It seemed like all the venues started closing and all our friends were moving to Berlin or Montreal. We starting looking in. Is this the city we want? Was it just growing pains? This kind of introspection is clearly reflected in XXXX. If Lose All Time was a record the band wanted to make, XXXX was a record for the people; a record for the city of Vancouver; a record for 2009.
“I finally feel like a singer, rather than a dancer who loves being in a band” said Becky Ninkovic at the time. It’s a perfect quote. One that succinctly captures the maturity and focus of the record. After a breakdown for Ninkovic, a year of rest and vocal lessons, Exclaim! announced XXXX to be a career resuscitation.
And it was. Going back now and rediscovering the record is such a magical thing. Opening for You Say Party with my band Taxes in 2008, I was impressed with the new material even if was a little jaded (I mean I was almost 30). But now with time and space I can see the songs they were working on were truly timeless. Laura Palmer’s Prom could so easily slot in with the latest 80s synthwave revival along alongside bands like Lust for Youth, Lower Dens, and Chromatics.
Overall, XXXX sounds like an exhale. A moment of stillness when you know you’ve made something extraordinary. When you know all those moments combined; moments of sheer terror, adrenalin, elation, boredom, and longing- culminate in a piece of art that once you let go of it- you just know in your gut that it’s right. It draws you in, wrestles with a brooding tension, then sends you into a churning whirlwind of tight drums and buzzing synths. It’s a remarkable achievement.
There’s plenty of vintage YSP sass throughout. “She’s Spoken For”, “Make XXXX”, and “Cosmic Wanship Avengers” are all classic synth punk gems, but the it’s in the subdued that the album really grips. “Dark Days”, “There is XXXX (Within My Heart)” and the sprawling Kate Bush like ballad “Heart of Gold” are the hallmark of a band that is comfortable exploring the limits of their genre. While lyrically quite positive, the melodies are daunting. Indeed, as Pitchfork put it, “the slower pace and more sentimental outlook of XXXX gives listeners the necessary space and encouragement to surrender to the band’s emotional message”.
And it was a message they would finally return to the US with in 2009. The band was poised for mainstream breakout success. They were long listed for the Polaris and they won a Western Canadian Music Award for Best Rock Album of the year. Much has been written about what would happen next. I don’t want this article to be about the tragic onstage death of drummer and friend Devon Clifford, but it’s inexorably linked to the band’s story.
And I can only really tell it from my point of view. I wasn’t sure I would go to the funeral but a mutual friend told me that Devon would want me to go. Portland Hotel Society, a local housing provider which Devon had thrown the weight of his passion behind, rented a bus to drive out to Abbotsford. I held up pretty well until my friend Al Boyle got up to play. Then some yelled “Spagett”. Then Krista and Becky sang “Cloudbusting” and I lost it.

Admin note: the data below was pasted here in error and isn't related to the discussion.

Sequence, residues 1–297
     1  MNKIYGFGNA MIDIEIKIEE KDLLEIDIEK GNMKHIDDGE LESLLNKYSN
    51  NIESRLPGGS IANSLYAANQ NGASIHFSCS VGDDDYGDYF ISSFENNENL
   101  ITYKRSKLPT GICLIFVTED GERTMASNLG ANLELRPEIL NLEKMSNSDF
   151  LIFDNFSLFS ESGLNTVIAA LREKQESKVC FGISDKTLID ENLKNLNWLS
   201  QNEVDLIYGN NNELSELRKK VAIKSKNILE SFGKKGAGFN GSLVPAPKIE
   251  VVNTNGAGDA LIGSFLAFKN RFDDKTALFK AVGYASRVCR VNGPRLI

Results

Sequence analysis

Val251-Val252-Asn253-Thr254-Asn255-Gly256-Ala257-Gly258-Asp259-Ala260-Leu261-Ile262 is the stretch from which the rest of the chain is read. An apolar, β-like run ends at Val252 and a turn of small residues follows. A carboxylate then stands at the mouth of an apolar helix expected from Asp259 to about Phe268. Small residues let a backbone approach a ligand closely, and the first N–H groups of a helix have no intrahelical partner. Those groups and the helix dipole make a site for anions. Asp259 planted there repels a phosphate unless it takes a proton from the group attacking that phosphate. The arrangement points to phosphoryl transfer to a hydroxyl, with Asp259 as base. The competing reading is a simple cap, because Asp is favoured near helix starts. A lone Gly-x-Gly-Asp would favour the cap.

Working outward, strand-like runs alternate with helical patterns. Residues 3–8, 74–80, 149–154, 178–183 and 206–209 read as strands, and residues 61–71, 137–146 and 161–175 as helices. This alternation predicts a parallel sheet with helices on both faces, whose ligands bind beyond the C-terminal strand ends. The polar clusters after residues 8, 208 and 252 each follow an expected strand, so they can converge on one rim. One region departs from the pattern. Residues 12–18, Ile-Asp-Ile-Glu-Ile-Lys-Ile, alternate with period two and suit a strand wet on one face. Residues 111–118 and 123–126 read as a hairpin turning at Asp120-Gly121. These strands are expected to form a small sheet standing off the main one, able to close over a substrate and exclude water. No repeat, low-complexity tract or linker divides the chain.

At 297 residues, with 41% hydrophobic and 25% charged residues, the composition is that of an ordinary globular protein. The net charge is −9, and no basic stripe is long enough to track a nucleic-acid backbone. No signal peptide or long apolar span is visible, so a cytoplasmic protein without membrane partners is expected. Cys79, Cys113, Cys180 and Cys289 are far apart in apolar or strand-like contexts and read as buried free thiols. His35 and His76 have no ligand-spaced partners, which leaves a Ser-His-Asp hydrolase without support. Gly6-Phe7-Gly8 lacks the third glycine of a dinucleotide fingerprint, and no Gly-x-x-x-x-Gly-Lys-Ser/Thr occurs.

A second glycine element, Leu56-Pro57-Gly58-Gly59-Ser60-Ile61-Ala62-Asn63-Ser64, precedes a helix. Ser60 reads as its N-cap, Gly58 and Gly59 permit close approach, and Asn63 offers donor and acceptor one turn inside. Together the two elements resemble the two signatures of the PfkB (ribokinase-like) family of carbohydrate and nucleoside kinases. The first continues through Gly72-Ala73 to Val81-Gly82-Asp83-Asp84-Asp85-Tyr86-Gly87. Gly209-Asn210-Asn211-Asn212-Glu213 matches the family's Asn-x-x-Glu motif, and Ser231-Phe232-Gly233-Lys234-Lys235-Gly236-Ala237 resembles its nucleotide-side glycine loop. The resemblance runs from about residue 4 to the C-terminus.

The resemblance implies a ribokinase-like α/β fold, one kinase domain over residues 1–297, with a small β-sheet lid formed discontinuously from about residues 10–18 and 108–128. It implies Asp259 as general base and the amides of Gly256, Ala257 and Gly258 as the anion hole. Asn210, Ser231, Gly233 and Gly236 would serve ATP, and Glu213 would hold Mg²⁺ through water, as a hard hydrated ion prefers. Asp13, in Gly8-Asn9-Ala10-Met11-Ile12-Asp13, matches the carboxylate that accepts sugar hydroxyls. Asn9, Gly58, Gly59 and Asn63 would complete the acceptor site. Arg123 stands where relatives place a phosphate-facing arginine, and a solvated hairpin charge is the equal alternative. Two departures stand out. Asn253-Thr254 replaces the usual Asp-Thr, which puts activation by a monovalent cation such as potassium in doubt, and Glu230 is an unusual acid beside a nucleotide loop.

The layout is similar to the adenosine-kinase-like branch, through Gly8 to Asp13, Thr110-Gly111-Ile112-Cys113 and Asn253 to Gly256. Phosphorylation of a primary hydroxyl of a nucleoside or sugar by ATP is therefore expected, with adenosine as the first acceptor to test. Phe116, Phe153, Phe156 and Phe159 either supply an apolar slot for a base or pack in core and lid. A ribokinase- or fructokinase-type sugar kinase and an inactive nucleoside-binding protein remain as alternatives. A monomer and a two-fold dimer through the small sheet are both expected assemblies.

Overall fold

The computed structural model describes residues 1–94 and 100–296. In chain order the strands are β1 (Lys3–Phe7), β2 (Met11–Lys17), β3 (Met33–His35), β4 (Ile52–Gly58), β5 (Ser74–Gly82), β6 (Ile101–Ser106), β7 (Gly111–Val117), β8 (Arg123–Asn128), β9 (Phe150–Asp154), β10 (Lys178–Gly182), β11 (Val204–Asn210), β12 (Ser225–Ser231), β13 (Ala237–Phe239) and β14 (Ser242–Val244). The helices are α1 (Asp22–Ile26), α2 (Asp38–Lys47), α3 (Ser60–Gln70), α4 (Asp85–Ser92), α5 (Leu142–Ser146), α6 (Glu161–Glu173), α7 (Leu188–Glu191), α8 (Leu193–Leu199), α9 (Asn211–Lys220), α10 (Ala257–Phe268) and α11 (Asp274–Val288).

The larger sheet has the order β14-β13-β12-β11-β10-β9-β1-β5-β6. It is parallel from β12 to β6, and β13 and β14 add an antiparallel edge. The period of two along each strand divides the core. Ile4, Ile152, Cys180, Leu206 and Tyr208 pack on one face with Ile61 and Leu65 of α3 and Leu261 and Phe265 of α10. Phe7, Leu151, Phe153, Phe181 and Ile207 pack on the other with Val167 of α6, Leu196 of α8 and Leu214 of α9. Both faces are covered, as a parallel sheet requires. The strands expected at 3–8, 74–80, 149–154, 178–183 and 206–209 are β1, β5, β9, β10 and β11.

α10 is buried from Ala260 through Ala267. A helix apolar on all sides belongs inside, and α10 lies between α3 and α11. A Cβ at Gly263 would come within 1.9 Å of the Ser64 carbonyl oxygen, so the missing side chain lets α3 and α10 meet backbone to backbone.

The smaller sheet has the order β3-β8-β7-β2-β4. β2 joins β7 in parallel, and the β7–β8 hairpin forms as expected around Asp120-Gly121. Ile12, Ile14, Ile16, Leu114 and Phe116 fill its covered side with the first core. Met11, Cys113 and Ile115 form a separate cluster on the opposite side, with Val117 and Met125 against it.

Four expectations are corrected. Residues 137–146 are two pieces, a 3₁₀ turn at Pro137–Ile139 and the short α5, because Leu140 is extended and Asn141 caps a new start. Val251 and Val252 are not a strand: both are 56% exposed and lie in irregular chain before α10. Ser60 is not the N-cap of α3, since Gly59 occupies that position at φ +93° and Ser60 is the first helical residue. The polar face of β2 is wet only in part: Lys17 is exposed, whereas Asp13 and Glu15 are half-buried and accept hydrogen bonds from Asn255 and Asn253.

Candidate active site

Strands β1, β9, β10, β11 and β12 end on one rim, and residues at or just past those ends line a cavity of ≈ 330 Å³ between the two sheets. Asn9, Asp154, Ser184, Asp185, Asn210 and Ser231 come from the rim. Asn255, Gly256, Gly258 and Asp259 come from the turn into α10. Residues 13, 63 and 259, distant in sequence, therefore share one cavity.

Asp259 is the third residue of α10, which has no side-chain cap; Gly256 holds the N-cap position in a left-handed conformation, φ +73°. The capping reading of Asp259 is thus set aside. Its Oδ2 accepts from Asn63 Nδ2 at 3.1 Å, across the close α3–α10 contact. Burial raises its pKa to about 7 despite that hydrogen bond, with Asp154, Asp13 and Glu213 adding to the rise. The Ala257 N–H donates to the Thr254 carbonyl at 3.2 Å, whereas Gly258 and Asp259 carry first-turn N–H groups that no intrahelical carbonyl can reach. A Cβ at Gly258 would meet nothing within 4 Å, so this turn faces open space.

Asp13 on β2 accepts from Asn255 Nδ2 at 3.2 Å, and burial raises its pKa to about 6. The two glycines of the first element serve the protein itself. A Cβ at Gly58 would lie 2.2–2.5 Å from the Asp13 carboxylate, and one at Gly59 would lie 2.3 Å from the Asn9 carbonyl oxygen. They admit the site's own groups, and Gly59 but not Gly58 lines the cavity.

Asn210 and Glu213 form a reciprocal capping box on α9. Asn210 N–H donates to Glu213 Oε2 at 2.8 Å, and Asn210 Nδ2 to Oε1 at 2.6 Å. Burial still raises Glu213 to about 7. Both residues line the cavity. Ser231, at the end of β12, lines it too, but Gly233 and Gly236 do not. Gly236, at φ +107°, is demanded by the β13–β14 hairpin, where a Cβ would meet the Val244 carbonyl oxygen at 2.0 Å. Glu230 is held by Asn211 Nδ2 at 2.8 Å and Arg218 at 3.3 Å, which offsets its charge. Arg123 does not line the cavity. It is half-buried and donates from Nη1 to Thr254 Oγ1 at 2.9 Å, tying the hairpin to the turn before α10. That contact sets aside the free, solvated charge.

The band would try to carry on. Krista would leave the band and Bobby Siadat and Robert Andow of the band Gang Violence would fill in for touring. When that didn’t go as planned Al Boyle who had been in the punk band Hard Feelings with Devon would replace Bobby. They officially went on hiatus in 2011 only to reunite a year later with Krista back on keys and a drum machine in place of Devon.
And while the band’s self titled 2016 release would be their moment of closure, the reissue of XXXX is one of celebration. Celebration of what they made with Devon. Celebration of a near perfect moment in time. A capsule of a entire city at it’s peak. The band has changed. The scene has changed. And I’ve changed. But there will always be XXXX within in our hearts.
‘Cause every time it rains
You’re here in my head
Like the sun coming out
Ooh, I just know that something good is going to happen
And I don’t know when
But just saying it could even make it happen
We are so excited to reissue a limited run of XXXX on clear vinyl through Paper Bag Records Vintage for Record Store Day on August 29th! Support your local stores & grab this album on vinyl for the first time in 10 years! https://recordstoredaycanada.ca #yousayparty #YSPWSD
About Sean Orr
Sean Orr is a writer, musician, artist, activist, and dishwasher living and working in the unceded Coast Salish territories of Vancouver, B.C. Besides his twice weekly news column in Scout Magazine he writes for Beatroute and has written for Vice Magazine and Montecristo among others in the past. He’s the frontman in the punk band Needs and also has a pickle company called Brine Adams.